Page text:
The newly-crowned King Gia Long ordered each of the localities to bring a precious flower to the capital as a gift. A mandarin from Thanh Tien offered the king "plants" of colorful paper flowers made by his village artisans.

Each "plant" comprised eight different flowers. Three flowers in the middle part symbolized "Quan-Su-Phu" (king-teacher-father), "Thien-Dia-Nhan" (heaven-earth-human) and "Trung-Hieu-Nghia" (fidelity-filial piety-righteousness), with the biggest red or yellow  flower symbolizing the Sun or The King. The remaining eight flowers symbolized "Nhan-Le-Nghia-Tri-Tin" (humaneness-politeness- righteousness-intelligence-faithfulness) the five characteristics a person must have under Taoist tenets.

Impressed by the mandarin's explanation of the meaning of Thanh Tien's flowering plants, Gia Long issued a royal decree encouraging Thanh Tien villagers to develop their work, making more products for decoration and for sale nationwide. He also told the villagers to share their know-how with others.

A cultural spirit

Ho Tan Phan, a Hue culture researcher, said "Thanh Tien's paper flowers have spiritual import. Every year, many families in Hue buy these flowers to decorate their altars and other places of worship."

Paper flowers, including chrysanthemums, roses, orchids, apricots and gerbera are mainly used to decorate altars to worship the Buddha, the Kitchen God, the God of Land and ancestors, and as offering in rituals, especially during the Tet (Lunar New Year Festival), he said.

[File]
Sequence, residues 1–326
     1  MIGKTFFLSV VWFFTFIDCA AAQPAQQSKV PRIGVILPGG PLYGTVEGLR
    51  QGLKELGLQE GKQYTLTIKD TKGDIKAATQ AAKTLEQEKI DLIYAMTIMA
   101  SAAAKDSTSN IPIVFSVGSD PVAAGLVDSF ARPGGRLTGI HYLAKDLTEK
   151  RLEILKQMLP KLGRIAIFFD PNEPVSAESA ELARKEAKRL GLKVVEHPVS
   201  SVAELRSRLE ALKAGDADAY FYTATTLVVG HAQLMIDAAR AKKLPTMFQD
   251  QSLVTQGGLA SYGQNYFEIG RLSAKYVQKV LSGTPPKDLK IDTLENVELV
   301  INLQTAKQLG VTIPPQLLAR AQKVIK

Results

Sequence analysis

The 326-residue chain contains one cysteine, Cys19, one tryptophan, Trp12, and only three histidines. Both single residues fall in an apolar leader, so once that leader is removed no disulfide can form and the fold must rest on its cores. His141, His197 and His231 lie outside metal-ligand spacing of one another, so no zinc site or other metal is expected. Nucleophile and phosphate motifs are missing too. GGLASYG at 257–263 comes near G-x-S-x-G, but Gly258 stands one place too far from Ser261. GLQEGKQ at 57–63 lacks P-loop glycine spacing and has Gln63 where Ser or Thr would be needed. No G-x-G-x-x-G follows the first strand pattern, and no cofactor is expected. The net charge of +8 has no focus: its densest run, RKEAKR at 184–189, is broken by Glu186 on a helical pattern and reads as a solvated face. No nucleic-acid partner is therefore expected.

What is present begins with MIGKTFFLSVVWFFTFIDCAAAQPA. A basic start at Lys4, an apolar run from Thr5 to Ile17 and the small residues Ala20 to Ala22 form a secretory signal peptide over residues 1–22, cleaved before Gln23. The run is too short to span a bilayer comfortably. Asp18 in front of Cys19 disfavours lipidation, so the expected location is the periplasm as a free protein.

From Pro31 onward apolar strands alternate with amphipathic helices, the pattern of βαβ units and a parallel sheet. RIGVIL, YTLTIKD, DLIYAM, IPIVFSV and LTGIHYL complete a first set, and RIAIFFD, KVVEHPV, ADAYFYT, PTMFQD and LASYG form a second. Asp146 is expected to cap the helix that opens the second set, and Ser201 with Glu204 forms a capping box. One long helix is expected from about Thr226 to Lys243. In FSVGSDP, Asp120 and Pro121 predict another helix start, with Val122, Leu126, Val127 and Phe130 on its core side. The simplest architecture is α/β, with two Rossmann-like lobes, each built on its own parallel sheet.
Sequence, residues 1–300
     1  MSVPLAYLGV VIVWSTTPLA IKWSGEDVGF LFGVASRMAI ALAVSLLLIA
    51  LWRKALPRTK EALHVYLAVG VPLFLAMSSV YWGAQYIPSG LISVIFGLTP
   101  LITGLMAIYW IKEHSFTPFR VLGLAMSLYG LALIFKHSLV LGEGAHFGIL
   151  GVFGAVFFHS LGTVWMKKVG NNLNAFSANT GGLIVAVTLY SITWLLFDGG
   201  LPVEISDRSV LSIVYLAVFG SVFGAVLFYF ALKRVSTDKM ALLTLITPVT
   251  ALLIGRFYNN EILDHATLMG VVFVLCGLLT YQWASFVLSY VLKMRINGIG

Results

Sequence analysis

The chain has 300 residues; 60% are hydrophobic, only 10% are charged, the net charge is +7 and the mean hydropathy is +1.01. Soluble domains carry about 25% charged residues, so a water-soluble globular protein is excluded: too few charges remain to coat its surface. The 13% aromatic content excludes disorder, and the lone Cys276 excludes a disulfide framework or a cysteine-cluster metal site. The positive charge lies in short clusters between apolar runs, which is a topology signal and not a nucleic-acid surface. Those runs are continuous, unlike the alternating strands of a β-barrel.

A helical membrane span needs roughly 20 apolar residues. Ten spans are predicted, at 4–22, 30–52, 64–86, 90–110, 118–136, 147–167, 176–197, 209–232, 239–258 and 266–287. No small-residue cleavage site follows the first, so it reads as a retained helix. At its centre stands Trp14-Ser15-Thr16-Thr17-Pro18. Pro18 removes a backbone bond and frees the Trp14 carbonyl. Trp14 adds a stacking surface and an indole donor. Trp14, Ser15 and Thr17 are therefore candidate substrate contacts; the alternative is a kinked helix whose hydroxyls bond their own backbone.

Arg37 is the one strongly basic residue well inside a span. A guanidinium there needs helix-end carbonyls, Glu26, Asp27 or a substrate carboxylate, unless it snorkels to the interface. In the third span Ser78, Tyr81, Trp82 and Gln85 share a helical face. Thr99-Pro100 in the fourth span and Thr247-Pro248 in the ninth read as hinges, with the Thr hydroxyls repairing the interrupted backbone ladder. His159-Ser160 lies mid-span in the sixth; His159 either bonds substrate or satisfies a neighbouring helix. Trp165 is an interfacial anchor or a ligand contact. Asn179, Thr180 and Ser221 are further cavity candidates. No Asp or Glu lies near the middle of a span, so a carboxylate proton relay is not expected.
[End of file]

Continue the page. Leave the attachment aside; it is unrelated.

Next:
Old flowers are usually replaced as a new lunar year approaches, he added.

Every lunar October, Thanh Tien residents begin to prepare materials for making paper flowers. The busiest time of the season for them is from early lunar December till the last day of the lunar year.

A distinctive feature of these creations is that flower buds are made from pith of cassava plants. Whenever the cassava harvest season comes, usually in October or November, Thanh Tien villagers rush to buy the plants to take their pith and then dry them out.

Hoa said paper flowers go through many stages, from cutting paper into shapes of petals for different types of flowers, dyeing and sticking the petals, making stems, attaching the flowers to the stems and so on. All these tasks require skilled people, he said. 

In the old days, handmade paper was the major material. The paper was also dyed using  traditional methods. There were five major colors called ngũ sắc red, yellow, white, green and purple, created from different types of plants.

For instance, the yellow color is created by a mixture of búp hoa hòe (Sophora japonica buds), tea leaves and quả dành dành (Gardenia Jasminoides Ellis); red from gấc vang (Caesalpinia sappan), lá bàng (Tropical Almond leaves), barks of Casuarinaceae trees; green from rau ngót (Sauropus androgynus) and lá lốt (piper lolot leaves); and purple from mồng tơi (Basella alba) ripe fruits.

However, color paper easily found in the market is used these days.

Thanh Tien paper flowers have over the last few years extended their popularity beyond Thua Thien-Hue to neighboring localities like Da Nang and Quang Tri. In fact, paper lotuses have also been brought to Ho Chi Minh City and Hanoi, and sent to other countries like Thailand, the US and France.

During the days before Tet, Thanh Tien residents can be seen selling their paper flowers on many streets in Hue. Each vendor carries a large pole with 300 to 500 flower plants. Each one sells for VND4,000 to 5,000, with lotuses priced higher, usually at VND15,000-20,000.

The recent restoration of many traditional craft villages in Hue has offered Thanh Tien a chance to build on its old fame and prestige, but the most important thing, Hoa said, is that the villagers can hold on to a tradition passed through generations.

"Such a cultural spirit will live for ever," he said.